Common Core State Standards:
4.NF.1 Explain why a fraction a/b is equivalent to a fraction (n x a)/(n x b) by using visual fraction models, with attention to how the numbers and size of the parts differ even though the two fractions themselves are the same size. Use this principle to recognize and generate equivalent fractions.
4.NF.3 Understand a fraction a/b with a>1 as a sum of fractions 1/b.
a. Understand addition and subtraction of fractions joining and separating parts referring to the same
b. Decompose a fraction into a sum of fractions with the same denominator in more than one way, recording each decomposition by an equation. Justify decompositions, e.g. by using a visual fraction
c. Add and subtract mixed numbers with like denominators, e.g., by replacing each mixed number with an equivalent fraction, and/or by using properties of operations and relationship between addition and subtraction.
In this unit, students will develop understanding of fraction equivalence and operations with fractions. Students will recognize that two different fractions can be equal (e.g. 15/9 = 5/3), and they will need to develop methods for generating and recognizing equivalent fractions. Students will apply their knowledge of fractions by joining unit fractions (e.g. 1/3, 1/2, 1/4) and separating larger fraction back into unit fractions. Mixed numbers will be introduced for the first time in 4th grade. Students will learn how to turn mixed numbers into improper fractions using fraction models/drawings. *There is NO mathematical reason why fractions must be written in simplified form, although it may be convenient to do so in some cases.
Students will build on their understanding of fractions from 3rd grade to make sense of larger fractions when adding, subtracting and equivalence. They are expected to use a variety of models to support their reasoning about numbers.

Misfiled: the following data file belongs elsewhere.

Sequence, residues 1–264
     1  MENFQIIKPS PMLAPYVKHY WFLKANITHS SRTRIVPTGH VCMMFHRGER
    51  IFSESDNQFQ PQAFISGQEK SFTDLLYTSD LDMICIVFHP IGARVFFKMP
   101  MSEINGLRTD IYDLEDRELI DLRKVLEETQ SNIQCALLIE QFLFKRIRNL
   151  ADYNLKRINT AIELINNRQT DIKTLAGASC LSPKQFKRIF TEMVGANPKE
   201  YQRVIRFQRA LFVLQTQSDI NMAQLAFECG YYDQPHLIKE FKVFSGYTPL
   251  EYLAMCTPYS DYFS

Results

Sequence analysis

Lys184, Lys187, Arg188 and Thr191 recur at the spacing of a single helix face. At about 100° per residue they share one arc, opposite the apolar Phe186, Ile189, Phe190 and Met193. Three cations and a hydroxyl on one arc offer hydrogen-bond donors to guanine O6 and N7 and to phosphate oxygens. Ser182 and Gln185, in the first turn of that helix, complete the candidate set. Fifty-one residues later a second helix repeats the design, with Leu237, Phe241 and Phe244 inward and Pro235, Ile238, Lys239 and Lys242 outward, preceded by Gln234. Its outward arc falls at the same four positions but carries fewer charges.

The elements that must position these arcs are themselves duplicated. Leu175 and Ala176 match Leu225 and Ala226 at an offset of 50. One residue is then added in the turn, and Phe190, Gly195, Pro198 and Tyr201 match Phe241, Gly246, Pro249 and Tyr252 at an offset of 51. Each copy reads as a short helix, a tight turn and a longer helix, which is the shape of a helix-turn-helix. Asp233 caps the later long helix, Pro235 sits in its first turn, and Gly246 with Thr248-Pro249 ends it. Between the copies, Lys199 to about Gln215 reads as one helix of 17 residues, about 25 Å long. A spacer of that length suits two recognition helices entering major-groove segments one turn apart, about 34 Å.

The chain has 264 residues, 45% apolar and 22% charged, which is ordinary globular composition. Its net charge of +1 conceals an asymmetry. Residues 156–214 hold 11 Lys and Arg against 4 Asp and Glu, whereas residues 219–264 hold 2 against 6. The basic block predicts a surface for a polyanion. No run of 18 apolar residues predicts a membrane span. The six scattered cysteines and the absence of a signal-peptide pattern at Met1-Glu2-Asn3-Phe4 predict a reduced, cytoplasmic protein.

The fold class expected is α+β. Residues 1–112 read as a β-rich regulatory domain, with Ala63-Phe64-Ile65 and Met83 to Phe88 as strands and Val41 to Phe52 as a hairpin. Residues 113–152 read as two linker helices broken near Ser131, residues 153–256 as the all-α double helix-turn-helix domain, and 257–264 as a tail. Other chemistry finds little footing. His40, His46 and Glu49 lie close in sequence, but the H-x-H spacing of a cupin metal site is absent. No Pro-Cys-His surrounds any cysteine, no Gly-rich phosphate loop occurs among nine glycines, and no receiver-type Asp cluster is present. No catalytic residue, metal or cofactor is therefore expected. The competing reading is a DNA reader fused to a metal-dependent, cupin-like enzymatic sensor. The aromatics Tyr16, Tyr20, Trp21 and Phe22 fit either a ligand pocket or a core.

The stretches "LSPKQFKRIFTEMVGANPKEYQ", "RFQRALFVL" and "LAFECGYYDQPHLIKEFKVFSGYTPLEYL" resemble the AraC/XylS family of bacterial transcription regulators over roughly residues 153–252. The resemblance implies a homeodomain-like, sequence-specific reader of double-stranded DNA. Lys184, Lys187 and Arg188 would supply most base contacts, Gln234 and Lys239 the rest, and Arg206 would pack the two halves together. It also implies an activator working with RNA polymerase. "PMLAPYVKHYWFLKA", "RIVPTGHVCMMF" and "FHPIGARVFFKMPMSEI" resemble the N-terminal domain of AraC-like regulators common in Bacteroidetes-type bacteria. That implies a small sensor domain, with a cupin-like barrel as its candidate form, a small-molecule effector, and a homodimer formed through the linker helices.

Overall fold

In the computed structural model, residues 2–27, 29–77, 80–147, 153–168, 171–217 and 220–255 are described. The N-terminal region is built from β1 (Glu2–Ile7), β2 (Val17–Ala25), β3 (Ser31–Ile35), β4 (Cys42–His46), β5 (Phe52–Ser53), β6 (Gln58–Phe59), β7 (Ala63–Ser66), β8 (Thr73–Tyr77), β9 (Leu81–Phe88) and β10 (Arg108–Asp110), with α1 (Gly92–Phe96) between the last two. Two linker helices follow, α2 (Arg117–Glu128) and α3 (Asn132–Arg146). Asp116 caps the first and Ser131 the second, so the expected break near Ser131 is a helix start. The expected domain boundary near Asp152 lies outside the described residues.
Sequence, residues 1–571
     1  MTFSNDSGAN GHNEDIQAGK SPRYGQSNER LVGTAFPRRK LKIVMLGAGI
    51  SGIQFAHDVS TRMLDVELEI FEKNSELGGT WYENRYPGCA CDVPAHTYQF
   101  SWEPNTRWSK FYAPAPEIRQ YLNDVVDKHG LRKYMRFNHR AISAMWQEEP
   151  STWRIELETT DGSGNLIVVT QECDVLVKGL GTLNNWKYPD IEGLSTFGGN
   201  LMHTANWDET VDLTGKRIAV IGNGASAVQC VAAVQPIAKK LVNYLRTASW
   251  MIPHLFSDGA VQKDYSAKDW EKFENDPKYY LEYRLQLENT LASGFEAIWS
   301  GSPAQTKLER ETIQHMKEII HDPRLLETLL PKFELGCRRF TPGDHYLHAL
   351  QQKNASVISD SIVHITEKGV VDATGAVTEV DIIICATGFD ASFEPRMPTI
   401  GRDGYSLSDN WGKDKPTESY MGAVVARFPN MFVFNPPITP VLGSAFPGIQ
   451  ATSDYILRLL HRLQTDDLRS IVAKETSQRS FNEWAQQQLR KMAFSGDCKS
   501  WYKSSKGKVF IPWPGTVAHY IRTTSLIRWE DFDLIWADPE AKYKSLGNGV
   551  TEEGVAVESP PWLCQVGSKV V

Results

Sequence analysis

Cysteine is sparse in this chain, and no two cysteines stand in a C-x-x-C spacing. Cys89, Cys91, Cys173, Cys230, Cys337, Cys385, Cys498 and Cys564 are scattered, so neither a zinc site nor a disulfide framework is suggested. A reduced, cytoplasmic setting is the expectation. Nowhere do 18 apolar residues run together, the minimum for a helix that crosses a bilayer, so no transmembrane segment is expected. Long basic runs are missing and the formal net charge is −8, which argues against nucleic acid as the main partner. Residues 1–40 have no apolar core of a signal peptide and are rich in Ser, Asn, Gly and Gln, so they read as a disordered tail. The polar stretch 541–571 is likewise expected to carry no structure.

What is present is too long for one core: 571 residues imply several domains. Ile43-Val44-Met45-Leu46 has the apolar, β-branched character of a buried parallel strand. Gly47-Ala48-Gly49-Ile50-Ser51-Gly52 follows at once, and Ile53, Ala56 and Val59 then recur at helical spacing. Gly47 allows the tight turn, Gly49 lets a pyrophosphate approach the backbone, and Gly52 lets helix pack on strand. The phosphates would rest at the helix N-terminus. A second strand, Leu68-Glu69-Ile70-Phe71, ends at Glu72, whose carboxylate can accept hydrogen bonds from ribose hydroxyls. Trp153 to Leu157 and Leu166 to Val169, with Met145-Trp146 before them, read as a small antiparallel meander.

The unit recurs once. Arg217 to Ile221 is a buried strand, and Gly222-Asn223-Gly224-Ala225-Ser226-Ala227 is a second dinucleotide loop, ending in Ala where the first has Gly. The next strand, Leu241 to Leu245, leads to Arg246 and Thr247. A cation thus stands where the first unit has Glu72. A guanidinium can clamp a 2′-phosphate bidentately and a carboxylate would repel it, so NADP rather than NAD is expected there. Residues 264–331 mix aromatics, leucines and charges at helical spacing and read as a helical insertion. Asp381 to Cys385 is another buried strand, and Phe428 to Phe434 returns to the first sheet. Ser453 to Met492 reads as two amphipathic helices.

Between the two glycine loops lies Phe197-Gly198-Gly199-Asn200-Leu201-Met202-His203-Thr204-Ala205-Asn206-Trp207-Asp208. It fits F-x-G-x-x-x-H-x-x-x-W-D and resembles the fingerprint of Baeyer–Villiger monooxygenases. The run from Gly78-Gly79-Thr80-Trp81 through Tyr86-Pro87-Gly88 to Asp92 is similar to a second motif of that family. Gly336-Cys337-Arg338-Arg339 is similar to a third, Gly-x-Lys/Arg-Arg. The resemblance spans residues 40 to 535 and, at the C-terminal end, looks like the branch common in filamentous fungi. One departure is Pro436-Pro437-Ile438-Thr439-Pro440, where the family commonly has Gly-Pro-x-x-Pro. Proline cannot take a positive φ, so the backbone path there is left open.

Video support can be found on The WCPSS Academics YouTube Channel.
o Recognize equivalent fractions using number lines
o Generate equivalent fractions using number lines
o Create equivalent fractions using a number line
Questions to Ask When Helping Your Child with Math Homework
Keep in mind that homework in elementary schools is designed as practice. If your child is having problems, please let the classroom teacher know. When helping your child with his/her math homework, you don’t have to know all the answers! Instead, we encourage you to ask probing questions so your child can work through the challenges independently.
What is the problem you’re working on?
What do the directions say?
What do you already know that can help you solve the problem?
What have you done so far and where are you stuck?
Where can we find help in your notes?
Are there manipulatives, pictures, or models that would help?
Can you explain what you did in class today?
Did your teacher work examples that you could use?
Can you go onto another problem & come back to this one later?
Can you mark this problem so you can ask the teacher for an explanation tomorrow?
Mrs. Ana Rhyne
I teach 4th grade math and science at Weatherstone Elementary School. I graduated from Meredith College with a BA in Spanish and K-6 licensure.